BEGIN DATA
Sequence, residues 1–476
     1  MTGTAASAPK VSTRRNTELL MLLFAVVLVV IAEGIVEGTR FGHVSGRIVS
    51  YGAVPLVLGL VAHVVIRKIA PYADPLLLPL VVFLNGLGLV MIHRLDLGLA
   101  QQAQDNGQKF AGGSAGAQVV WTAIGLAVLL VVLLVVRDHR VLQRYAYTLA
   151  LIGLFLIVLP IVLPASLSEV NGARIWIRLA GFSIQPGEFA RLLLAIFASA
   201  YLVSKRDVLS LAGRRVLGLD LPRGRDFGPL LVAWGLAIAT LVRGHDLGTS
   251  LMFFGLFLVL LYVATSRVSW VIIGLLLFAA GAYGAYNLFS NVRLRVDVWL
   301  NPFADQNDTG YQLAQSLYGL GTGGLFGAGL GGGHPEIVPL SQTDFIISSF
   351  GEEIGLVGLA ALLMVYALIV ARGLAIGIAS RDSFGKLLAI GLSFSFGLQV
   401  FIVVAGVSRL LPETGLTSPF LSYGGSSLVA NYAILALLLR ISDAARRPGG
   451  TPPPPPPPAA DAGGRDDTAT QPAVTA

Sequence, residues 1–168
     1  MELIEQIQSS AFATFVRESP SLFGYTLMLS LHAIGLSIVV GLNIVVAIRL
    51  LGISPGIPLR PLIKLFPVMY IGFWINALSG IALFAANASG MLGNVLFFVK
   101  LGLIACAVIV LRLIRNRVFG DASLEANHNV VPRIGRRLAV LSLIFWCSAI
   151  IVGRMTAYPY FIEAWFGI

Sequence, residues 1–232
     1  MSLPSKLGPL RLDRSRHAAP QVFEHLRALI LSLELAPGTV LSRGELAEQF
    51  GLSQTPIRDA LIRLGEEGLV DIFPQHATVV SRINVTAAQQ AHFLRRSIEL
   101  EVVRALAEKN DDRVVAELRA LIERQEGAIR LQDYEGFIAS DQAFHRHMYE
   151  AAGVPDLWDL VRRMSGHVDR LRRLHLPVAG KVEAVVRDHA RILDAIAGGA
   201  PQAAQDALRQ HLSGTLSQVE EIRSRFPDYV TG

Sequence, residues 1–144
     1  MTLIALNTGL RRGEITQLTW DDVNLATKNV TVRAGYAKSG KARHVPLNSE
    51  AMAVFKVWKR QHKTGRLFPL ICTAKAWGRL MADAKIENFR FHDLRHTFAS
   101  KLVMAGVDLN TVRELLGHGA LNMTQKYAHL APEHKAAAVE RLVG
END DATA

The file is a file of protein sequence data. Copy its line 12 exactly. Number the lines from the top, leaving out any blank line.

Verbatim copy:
Sequence, residues 1–168